How AI and augmented reality will issue forth a new genre of interactive character design

by Jeffrey Ventrella, DNA Contributor

Imagine yourself five years from now. Apple has come out with a new version of its augmented reality glasses. You have just purchased a pair. Stepping into a café, you order an espresso and sit down to open the shiny new box. After trying on the glasses – and with a bit of fumbling – you manage to get through the mile-long Apple terms and conditions without touching your computer. Instead, you scroll down to the bottom of the form by gesturing in the air with your index finger, making sure not to poke the eye of the person sitting across from you. You tap the air to indicate “Yes – I have read the terms and conditions”…which of course is a lie. Finally, just for kicks, you start running a cool-sounding app:  something about “an ongoing narrative with virtual characters”. Now you are ready go for a walk. You finish your espresso and head out into the street, wearing your new glasses.

Once on the street, you immediately notice a couple of animated characters – emitting an eerie glow and slightly out of place – just outside of the café. They are deep in conversation. They are speaking in a strange accent. You stop and listen, and one of them glances over at you with a glare, annoyed that you are eavesdropping. This makes you a bit nervous and embarrassed.

And that is strange, because you know that these are not real people: They are virtual characters in an ongoing story that is taking place among the streets of your town.

These characters, and several others, have been talking for several months now. They are debating the changes to society that have disrupted their lifestyles. Some of the characters are able to peer into the future and engage with us living here and now in the year 2017 – those of us who happen to have the augmented reality app.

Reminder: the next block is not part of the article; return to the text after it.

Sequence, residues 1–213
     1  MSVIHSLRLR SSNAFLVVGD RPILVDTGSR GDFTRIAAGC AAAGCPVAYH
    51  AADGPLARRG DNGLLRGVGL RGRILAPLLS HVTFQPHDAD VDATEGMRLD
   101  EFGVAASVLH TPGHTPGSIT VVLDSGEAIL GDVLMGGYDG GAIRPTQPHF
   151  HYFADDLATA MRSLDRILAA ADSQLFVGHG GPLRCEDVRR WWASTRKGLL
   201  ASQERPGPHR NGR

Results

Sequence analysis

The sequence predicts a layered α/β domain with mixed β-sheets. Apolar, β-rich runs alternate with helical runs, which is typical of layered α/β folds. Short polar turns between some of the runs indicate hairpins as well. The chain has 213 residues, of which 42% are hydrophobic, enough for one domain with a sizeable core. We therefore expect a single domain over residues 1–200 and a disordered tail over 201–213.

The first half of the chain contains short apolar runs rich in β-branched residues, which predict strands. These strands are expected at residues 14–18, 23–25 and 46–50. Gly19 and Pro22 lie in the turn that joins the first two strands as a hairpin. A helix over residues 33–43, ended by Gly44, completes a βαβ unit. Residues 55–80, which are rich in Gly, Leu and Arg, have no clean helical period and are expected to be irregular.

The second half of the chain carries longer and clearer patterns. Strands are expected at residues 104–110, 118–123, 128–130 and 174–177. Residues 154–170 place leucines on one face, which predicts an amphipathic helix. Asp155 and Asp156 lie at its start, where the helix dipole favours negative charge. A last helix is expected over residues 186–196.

As we join in these virtual conversations, we become incorporated into the unfolding fiction that is playing out. It is an open-ended narrative, acted out by artificially-intelligent characters that are experienced only in augmented reality. Increasingly, we humans here in meatspace become intertwined in the narrative. The boundary between fiction and reality dissolves into a fractal curve. Our lives fuse with the narrative – the narrative fuses with our lives. And that takes some getting used to: the nature of narratives change as we become participants in them.

This vignette that I have just described is just one possible future manifestation of a set of technologies that point toward a new genre where the boundary between reality and fiction is increasingly difficult to detect. And the key ingredient is a set of artificially-intelligent characters with real embodiment: They occupy real place and real time, via augmented reality, geolocation, computer vision, and other technologies that situate them in the physical world. This embodiment is critical to how their narratives play out.

Emergent Narratives vs. Branching Stories

“A story should have a beginning, a middle and an end, but not necessarily in that order.”
– Jean-Luc Godard

Our lives are awash in a sea of overlapping narratives. “Narrative” can be defined as “a spoken or written account of connected events” (Wikipedia). Although the term “story” is often included in this definition, it must be emphasized that a story is a fixed work of creation, which has a beginning, middle, and end. A story is contained, like a song.

But consider Godard’s quote: the linearity of a story can be deconstructed in many ways. Branching storylines have been developed extensively in digital games in which the player has agency in the story, as well as with altered traditional literary media (i.e., the Choose Your Own Adventure book series). Branching stories are assembled from discrete building blocks. And while the ordering of these building blocks may be open-ended, the blocks themselves are fixed and static. The blocks fit together in various ways, but the story is still essentially set by the content of the various blocks.